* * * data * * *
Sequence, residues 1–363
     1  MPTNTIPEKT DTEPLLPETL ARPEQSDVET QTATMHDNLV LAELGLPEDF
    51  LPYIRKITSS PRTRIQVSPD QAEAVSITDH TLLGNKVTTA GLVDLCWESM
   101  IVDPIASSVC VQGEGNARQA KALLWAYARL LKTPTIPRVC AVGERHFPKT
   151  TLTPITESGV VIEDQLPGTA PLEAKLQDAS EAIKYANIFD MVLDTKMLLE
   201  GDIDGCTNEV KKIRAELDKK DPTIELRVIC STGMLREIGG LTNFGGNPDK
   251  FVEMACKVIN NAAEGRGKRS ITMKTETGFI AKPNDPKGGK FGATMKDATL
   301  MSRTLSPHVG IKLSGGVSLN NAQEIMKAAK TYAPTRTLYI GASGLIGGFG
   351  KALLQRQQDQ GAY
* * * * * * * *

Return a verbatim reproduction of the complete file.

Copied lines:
Sequence, residues 1–363
     1  MPTNTIPEKT DTEPLLPETL ARPEQSDVET QTATMHDNLV LAELGLPEDF
    51  LPYIRKITSS PRTRIQVSPD QAEAVSITDH TLLGNKVTTA GLVDLCWESM
   101  IVDPIASSVC VQGEGNARQA KALLWAYARL LKTPTIPRVC AVGERHFPKT
   151  TLTPITESGV VIEDQLPGTA PLEAKLQDAS EAIKYANIFD MVLDTKMLLE
   201  GDIDGCTNEV KKIRAELDKK DPTIELRVIC STGMLREIGG LTNFGGNPDK
   251  FVEMACKVIN NAAEGRGKRS ITMKTETGFI AKPNDPKGGK FGATMKDATL
   301  MSRTLSPHVG IKLSGGVSLN NAQEIMKAAK TYAPTRTLYI GASGLIGGFG
   351  KALLQRQQDQ GAY